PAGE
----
When Cottage Grove’s public works director heard about the water crisis in Salem, he met with the city’s water production superintendent and asked what Cottage Grove was doing to make sure its drinking water was safe from harmful toxins caused by algae blooms.
The Dorena Reservoir has had algae blooms in the past. It flows downstream and into the river where Cottage Grove gets its water. Such blooms produced toxins in the Detroit Lake that reached Salem’s drinking water. It’s believed to have been the first time cyanotoxins reached a state public water system.
“I said that on Monday we should start our own visual inspections for algae blooms,” said Faye Stewart, Cottage Grove’s public works director. “And if they’re present, we have to have them tested.”
Hypothetically speaking, Stewart said that if he hadn’t gone out and asked his employees to check for algae blooms, the city wouldn’t have known that, sure enough, there was an algae bloom in the Dorena Reservoir.
That prompted city officials to test for toxins near the city’s water intake system.
On Wednesday, the Oregon Health Authority issued a recreational health advisory for the reservoir, advising people not to come in contact with the water.
“We instituted some higher protocols and went out on our own because we didn’t want to be in a situation we couldn’t deal with,” Stewart said.
It’s yet another discovery made possible by a city’s voluntary examination of its water supply chain. Salem discovered cyanotoxins in its drinking water because it conducts voluntary, routine testing that’s not required under the federal Safe Drinking Water Act.
Dorena Lakes are operated by the U.S. Army Corps of Engineers as part of a system of 13 multi-purpose dams and reservoirs that make up the Willamette Valley Project, not the city of Cottage Grove.
Currently, there is no statewide monitoring system for algae blooms.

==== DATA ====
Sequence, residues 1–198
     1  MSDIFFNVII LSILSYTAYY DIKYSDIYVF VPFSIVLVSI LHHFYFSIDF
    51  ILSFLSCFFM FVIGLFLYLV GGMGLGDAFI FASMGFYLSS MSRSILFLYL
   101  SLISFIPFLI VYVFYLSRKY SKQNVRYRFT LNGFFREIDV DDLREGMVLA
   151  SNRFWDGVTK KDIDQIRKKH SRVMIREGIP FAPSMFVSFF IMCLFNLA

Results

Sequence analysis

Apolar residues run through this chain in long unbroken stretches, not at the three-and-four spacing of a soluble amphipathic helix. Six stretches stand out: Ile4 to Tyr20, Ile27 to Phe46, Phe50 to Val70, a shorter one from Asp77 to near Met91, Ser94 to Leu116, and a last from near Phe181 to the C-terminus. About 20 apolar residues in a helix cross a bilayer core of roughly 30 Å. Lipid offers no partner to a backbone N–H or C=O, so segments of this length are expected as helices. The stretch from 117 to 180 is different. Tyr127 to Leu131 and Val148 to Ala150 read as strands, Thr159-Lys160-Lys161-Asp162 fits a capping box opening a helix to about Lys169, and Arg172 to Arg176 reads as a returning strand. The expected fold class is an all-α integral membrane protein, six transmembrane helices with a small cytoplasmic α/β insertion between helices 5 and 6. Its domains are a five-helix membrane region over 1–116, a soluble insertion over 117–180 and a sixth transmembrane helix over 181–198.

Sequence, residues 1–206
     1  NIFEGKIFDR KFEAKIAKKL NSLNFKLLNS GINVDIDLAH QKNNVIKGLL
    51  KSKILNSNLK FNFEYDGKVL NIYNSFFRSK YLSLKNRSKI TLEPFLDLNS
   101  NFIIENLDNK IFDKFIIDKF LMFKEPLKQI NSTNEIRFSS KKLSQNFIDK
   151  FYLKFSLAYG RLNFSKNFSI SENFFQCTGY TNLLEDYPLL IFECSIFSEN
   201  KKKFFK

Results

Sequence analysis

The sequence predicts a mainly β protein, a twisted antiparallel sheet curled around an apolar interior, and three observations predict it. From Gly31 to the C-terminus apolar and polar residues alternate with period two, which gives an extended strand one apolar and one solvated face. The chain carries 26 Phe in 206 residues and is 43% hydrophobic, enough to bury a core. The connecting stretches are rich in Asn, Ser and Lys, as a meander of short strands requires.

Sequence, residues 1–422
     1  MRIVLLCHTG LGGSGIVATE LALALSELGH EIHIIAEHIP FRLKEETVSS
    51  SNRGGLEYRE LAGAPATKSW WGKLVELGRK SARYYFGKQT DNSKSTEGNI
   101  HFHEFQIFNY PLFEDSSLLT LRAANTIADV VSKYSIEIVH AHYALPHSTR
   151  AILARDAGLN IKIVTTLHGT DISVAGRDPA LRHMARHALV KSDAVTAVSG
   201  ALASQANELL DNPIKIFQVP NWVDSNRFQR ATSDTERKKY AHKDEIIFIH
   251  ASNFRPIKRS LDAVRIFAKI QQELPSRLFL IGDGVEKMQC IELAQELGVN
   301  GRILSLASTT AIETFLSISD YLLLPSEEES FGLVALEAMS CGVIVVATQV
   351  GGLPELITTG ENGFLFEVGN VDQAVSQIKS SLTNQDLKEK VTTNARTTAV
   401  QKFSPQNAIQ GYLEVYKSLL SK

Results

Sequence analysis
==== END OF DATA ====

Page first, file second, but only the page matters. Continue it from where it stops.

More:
“In Oregon, monitoring for cyanobacterial blooms on recreational waters is done by whichever agency or organization manages the waterbody on a voluntary basis,” said Jonathan Modie, communications officer with the OHA. “Monitoring for recreational purposes is not required by law or rule, and waterbody management agencies and organizations decide whether to test, how often to test, and where to test.”
The OHA recently announced it’s developing new rules that will require testing at drinking water systems in the state that use certain surface water sources prone to algae blooms.
“We have a first list of drinking water systems that we’re looking at — about 40 — as they draw drinking water from surface water sources that have had some sort of algae issue in the past,” Modie said.
“They are among a total of 300 systems that draw from surface water in Oregon. Very preliminary at this point, although it could actually get larger as we better define factors that may put a water body at risk, even if it hasn’t had an algae issue in the past.”
Cottage Grove’s water has so far checked clear for cyanotoxins, though Stewart said the city is looking at alternative options in case an advisory is required.
The city’s water system serves anywhere between 10,000-12,000 Cottage Grove residents. Stewart said a well in town could produce 250,000 gallons of water a day, though it hasn’t been used in close to 12 years. Currently, the city produces more than a million gallons of water a day.
“That supply wouldn’t meet all our needs but it could meet our critical needs,” Stewart said.